With the clock on the walls of the Ato Boldon Stadium in Couva ticking down to tomorrow’s Trinidad and Tobago Super League’s (TTSL) inaugural election, interim president Keith Look Loy went on the offensive against his challenger, Ryan Ottley.
And then went under the radar.
However, despite the charges hanging around him, the 29-year-old interim Vice-president who is challenging Look Loy for the post of president remains cautiously optimistic about his chances of success.
“I can’t say there is 100% confidence [that I will win the election],” he told Wired868. “For me, it is 50/50 and it could go either way.
“You are talking about Mr Look Loy who has years and years of experience in this business, so I would not take it for granted.”
Contacted for a pre-election comment, Look Loy, who rarely shies away from making himself heard, informed Wired868 that he would not be fielding any questions concerning the imminent election, which, a guesstimate suggests, will start around 7.30pm.
Look Loy has proposed a full slate of six candidates, including Jameson Rigues (1st Vice-president), Eddison Dean (2nd Vice-president), George Joseph (Ordinary Member), Clayton Morris (Ordinary Member) and Colin Murray (Ordinary Member).
Satisfied that Guaya United manager Rigues is the best man for the job, Ottley has no candidate for 1st Vice-president and has nominated only two Ordinary Members in Stephanie Guevara and Michael De Four. His 2nd Vice-president nominee is Marvin Wilson.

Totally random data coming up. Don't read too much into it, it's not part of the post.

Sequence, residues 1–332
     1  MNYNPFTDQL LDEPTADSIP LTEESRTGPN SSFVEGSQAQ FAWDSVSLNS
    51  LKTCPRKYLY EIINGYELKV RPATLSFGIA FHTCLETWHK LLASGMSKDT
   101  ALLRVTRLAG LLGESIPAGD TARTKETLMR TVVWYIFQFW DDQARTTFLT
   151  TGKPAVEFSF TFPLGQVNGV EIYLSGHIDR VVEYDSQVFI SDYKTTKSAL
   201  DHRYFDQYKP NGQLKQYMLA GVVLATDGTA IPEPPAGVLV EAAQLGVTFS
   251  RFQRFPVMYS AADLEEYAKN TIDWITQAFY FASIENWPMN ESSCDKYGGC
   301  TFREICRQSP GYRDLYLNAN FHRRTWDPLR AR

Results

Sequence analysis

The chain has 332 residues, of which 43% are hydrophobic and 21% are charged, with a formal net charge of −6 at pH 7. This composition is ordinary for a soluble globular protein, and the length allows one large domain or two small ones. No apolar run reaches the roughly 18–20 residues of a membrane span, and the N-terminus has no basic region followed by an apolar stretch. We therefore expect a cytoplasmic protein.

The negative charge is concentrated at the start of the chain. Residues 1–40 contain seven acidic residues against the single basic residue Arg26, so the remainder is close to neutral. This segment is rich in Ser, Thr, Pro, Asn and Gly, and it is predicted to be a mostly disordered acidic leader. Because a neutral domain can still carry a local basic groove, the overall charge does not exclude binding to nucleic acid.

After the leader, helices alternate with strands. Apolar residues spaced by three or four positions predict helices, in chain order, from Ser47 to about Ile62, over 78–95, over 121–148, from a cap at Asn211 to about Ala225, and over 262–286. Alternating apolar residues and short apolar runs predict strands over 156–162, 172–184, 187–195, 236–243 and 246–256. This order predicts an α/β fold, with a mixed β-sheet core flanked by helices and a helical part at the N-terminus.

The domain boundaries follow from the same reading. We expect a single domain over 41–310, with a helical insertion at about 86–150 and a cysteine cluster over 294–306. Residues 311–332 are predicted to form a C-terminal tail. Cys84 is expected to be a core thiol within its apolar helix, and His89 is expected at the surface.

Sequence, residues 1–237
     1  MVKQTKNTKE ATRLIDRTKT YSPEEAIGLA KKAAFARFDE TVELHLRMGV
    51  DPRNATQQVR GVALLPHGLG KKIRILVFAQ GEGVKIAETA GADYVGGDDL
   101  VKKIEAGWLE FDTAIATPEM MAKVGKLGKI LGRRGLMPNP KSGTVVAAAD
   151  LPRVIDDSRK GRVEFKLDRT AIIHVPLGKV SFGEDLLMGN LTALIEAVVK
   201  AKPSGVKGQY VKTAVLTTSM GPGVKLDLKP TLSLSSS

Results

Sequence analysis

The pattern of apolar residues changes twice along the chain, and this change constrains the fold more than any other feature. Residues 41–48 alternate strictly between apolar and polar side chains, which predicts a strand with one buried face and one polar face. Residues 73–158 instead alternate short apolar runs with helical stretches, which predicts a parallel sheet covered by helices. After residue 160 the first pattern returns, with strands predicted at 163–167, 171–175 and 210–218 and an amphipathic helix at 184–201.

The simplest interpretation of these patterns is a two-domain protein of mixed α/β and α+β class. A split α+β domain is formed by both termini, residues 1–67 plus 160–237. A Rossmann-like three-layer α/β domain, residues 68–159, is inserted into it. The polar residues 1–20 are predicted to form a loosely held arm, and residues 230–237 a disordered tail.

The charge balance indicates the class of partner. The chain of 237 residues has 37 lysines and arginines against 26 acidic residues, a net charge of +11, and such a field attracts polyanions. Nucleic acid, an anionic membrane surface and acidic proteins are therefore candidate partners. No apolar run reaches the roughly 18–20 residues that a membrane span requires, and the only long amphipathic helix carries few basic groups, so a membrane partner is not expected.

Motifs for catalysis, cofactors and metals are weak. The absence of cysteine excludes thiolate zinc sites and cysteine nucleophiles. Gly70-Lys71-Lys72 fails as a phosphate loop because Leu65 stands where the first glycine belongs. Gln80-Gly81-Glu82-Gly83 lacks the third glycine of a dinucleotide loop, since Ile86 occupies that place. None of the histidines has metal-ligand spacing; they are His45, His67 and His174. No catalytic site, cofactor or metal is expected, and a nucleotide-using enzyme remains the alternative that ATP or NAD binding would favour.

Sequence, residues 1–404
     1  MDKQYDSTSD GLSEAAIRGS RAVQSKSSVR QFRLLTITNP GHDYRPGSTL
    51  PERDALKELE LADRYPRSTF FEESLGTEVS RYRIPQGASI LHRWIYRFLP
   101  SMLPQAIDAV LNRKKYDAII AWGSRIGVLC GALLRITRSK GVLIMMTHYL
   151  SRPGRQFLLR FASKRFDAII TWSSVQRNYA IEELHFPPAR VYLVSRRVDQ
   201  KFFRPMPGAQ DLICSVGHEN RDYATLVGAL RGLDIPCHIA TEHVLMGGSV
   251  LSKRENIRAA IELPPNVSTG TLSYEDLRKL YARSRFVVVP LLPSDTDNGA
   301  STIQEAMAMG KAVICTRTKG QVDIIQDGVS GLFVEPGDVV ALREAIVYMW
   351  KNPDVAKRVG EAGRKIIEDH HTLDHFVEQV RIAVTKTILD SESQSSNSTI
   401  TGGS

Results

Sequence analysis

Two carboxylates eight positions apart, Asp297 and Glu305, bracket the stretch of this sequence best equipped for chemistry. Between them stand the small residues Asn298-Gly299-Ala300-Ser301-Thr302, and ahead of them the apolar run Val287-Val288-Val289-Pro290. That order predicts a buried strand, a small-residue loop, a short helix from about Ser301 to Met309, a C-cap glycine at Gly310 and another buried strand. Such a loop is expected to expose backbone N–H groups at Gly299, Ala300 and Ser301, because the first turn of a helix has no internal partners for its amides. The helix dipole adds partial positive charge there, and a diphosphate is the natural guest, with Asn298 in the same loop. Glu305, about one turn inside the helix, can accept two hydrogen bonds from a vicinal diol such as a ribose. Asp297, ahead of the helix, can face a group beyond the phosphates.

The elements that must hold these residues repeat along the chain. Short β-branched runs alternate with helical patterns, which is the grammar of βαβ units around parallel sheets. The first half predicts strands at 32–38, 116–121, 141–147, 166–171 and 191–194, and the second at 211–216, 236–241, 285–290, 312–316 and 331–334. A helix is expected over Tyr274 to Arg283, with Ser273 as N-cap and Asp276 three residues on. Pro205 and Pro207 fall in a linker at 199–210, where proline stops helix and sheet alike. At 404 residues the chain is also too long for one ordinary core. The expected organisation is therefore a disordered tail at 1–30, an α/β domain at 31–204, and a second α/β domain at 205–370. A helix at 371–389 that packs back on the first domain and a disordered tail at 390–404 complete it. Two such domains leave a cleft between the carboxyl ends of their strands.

“We believe that Jameson Rigues was responsible for developing and doing up the business plan. He has the ideas, he knows what needs to be done. So we will support him…”
Ottley has presented a manifesto which speaks to many of the issues he sees as important. But challenged by Wired868 to provide more precise details, he admitted to feeling that the TTSL Constitution has some flaws which can be exploited by the person at the helm—whence his reservations about the power the elected TTSL president will enjoy if the status quo remains.
“When we look at the constitution now,” he said, “we understand that the constitution appears to be a dictatorship disguised as a democracy.”
“The president can sign contracts and then come and tell the membership,” he explained. “We want the membership to decide that this is what we want and it will be agreed and signed to. […] We needed urgency but we ended up operating as though it was an emergency. And we didn’t want to end up in a situation like that.”
Stressing that the observation was not intended as an indictment of the interim President, he added that, “We’re realizing that our governing document is flawed in that sense and we will be pushing for constitutional reform to look at those things and see how we can tighten up that and make that better.”
The interim President declined to respond to the specific issue of the potential for the abuse of power by the elected president. However, he had already suggested to selected voting members that Ottley, a Flying Officer in the Trinidad and Tobago Defence Force and the current manager of the Regiment’s TTSL team, might not be a good candidate for the post because of his too close links to the umbrella body.
In an e-mail making the rounds among TTSL personnel, Look Loy claims to have learned that “a very high-ranking TTFA official and a female member of the TTFA office staff have personally called [officials of some TTSL clubs] to offer bribes—coaching courses and other promises—in exchange for an Ottley vote.” The correspondence called on the TTSL membership not to be swayed by election promises but instead to hold fast to their beliefs.